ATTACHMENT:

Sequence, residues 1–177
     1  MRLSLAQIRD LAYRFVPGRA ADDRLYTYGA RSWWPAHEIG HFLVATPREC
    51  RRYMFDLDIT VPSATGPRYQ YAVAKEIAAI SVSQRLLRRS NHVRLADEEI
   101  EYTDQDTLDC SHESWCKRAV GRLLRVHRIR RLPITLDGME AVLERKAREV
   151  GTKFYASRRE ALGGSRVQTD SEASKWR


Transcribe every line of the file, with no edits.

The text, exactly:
Sequence, residues 1–177
     1  MRLSLAQIRD LAYRFVPGRA ADDRLYTYGA RSWWPAHEIG HFLVATPREC
    51  RRYMFDLDIT VPSATGPRYQ YAVAKEIAAI SVSQRLLRRS NHVRLADEEI
   101  EYTDQDTLDC SHESWCKRAV GRLLRVHRIR RLPITLDGME AVLERKAREV
   151  GTKFYASRRE ALGGSRVQTD SEASKWR